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Ghosts linger in the seams and cracks in time; the still places between human breath.
In Meredith’s dreams there was now no ambiguity. She woke with them intact, each detail imprinted. She didn’t know what to do with the weight of Angharad’s sadness. In the darkness, she made her way to Verity’s room, curled in beside her sister, and for once, Verity didn’t complain.
‘I wish she’d stop crying,’ Meredith said. ‘It’s the saddest thing in the world.’
Verity gazed at her sister’s face. Her skin was as thin as a soap bubble.
‘A bad thing really did happen to her, Verity.’
‘Yes, I think it did.’
‘Even though it’s hard for her, she doesn’t want to leave anything out.’
‘You mustn’t leave anything out either, Meri – tell me everything you can remember. I can’t bear for you to be sad too.’
‘Are we in this together then?’
Verity recalled the desolate look on the ghost’s face, how she disappeared through the wall; she felt the snowball against her skin and the sensation of fainting. The idea that she had imagined any of it now seemed improbable. Whatever purpose or plan the ghost had, Verity wasn’t going to leave her sister to deal with it alone.
And if I deny Angharad, Meri won’t. she won’t stop, whatever I decide.
‘I promise.’
Meredith nodded. Beneath her eyes the skin was still blemished with fatigue.
‘Have you had any sleep?’
‘I must have or I wouldn’t have dreamed.’
Verity stroked Meredith’s hair away from her forehead. ‘It doesn’t count. You need proper sleep without dreaming. Why don’t you stay here? I’ll read you a story if that helps.’
Meredith’s eyes brightened.
‘Will you get Nelly?’
‘Yes, then a story and we’ll both try and sleep a bit more.’
In Meredith’s room the air was damp. As Verity collected the velvet rabbit she wondered if she was grown up enough to deal with what was happening. She thought about telling her grandmother and knew she wouldn’t. She wouldn’t go back on her word. But thinking about Meredith’s bruised eyes, her determination to help a ghost neither of them could prove existed, she wasn’t sure how long she could keep her promise.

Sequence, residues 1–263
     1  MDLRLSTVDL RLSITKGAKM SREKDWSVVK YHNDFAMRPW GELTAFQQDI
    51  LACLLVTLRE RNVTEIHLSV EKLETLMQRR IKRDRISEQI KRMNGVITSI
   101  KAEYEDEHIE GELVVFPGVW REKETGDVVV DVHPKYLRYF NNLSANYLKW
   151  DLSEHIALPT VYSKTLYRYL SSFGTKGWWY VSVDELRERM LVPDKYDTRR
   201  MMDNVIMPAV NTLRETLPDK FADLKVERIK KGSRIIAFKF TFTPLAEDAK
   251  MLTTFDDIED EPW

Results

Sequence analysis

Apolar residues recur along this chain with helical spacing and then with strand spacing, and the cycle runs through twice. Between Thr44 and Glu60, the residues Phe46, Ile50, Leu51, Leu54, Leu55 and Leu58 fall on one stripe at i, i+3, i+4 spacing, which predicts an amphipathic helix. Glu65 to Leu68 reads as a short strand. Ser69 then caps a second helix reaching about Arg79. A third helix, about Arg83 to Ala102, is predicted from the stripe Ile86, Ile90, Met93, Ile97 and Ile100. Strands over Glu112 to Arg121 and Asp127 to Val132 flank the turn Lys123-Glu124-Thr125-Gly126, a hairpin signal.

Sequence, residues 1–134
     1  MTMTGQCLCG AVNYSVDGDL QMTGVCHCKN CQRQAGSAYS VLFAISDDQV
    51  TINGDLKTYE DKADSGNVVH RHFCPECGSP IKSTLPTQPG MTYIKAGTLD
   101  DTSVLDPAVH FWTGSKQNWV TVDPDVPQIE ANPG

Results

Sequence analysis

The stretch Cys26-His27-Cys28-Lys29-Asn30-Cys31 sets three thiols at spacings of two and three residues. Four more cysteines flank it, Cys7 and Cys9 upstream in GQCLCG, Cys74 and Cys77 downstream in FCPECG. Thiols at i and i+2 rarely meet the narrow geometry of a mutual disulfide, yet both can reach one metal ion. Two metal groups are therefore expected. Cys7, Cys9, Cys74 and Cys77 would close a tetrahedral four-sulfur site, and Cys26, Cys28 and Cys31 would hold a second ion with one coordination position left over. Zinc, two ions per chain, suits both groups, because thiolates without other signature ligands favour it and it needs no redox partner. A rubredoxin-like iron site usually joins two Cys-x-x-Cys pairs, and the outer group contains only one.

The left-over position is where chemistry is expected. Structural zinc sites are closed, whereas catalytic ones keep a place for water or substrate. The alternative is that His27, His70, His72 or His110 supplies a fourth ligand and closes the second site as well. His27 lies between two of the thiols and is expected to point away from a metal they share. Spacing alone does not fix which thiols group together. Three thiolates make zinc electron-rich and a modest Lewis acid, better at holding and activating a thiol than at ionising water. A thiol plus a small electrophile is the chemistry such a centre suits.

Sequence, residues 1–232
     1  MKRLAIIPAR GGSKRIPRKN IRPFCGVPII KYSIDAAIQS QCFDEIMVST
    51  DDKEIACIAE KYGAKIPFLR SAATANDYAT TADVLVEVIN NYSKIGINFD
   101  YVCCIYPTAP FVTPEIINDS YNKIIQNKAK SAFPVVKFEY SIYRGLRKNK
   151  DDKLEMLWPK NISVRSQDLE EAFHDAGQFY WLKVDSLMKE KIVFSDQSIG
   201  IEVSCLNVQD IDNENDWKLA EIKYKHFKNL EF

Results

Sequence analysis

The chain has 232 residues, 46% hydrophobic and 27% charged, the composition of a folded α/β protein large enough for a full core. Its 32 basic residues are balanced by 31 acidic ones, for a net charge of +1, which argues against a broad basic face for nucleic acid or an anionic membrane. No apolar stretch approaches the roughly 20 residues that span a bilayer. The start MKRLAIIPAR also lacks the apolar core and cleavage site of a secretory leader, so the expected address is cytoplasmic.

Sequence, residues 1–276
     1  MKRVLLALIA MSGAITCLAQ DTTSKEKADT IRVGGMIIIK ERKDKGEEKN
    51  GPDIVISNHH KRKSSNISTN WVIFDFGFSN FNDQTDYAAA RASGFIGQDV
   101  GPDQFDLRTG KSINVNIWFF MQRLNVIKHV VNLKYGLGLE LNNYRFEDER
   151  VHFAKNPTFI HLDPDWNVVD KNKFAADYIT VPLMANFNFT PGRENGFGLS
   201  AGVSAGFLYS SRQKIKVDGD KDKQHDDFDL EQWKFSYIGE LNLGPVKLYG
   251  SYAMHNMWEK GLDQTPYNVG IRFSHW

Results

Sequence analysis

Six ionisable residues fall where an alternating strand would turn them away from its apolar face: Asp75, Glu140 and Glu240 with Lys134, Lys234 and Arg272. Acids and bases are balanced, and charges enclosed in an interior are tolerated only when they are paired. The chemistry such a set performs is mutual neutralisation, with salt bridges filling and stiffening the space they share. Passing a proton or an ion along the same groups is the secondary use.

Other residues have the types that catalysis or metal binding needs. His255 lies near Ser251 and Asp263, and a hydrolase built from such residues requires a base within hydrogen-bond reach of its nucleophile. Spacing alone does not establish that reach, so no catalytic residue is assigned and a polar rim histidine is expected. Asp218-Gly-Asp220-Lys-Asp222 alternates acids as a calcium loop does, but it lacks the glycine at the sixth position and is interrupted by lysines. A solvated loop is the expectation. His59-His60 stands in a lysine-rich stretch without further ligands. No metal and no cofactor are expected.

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* Philip Pullman

Being on a list with your sheroes


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Island Life, Word Birds & Process

Last year, my first novel, Ghostbird, was nominated for the Guardian’s Not the Booker Prize by the generous blogger, Anne Williams whose blog Being Anne is up there with some of the best on the circuit. When I read the extremely long long list, one the names that stood out was Edna O’Brien. Quite. The actual Edna O’Brien: one of my favourite writers. I was highly amused & for a while one of my passwords was ‘onalistwithednao’brien’ & I’m not even kidding. I lunched out on it for weeks not caring that I was never going to make the shortlist. I was just tickled pink to be on a list with one of my literary sheroes. And indebted to Anne for her generous & genuine support for my book.

(And this year, by the way, one of my sister Honno authors, Sara Gethin, did make the NTB shortlist! For her wonderful book, Not Thomas. I’ve been lunching out on that accolade too!)

With my second novel, Snow Sisters out last September, time flew & all at once it was that time of year. The readers (in particular the book bloggers) began posting their lists of favourite books of 2017.

Back in April 2015 when I got an offer from Honno for Ghostbird, it would never have occurred to me that it would end up on anyone ‘all-time favourites bookcase’ (see Hayley at Rather Too Fond Of Books) or be anyone’s favourite book of the year. Or, that two and a half years on, my second book would not only be considered worthy of inclusion on several lists, in one instance it too would be awarded the top slot. I am indebted to all the book bloggers who chose Snow Sisters & in particular, Linda Hill of Linda’s Book Bag for making it her Book of the Year 2017.

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And there’s this: another of my favourite book bloggers, Anne Cater of Book Connectors fame & randomthingsthroughmyletterbox brought Snow Sisters to the attention of Prima magazine & the book was included as one of 9 Perfect Autumn/Winter reads. Colour me joyful!

There are other people I am indebted to – too many to list to be honest. One or two are fabulous writers who have stunned me by their kindness & ongoing support for my writing. Louise Beech is one, Amanda Jennings is another as are Rebecca Mascull & Su Bristow.

Being on a list with Edna O’Brien will always be my secret thrill but hanging out on so many lists & with such a fabulous gang of tremendous writers has blown me away. My thanks to everyone who has supported my writing, bought my books or reviewed them.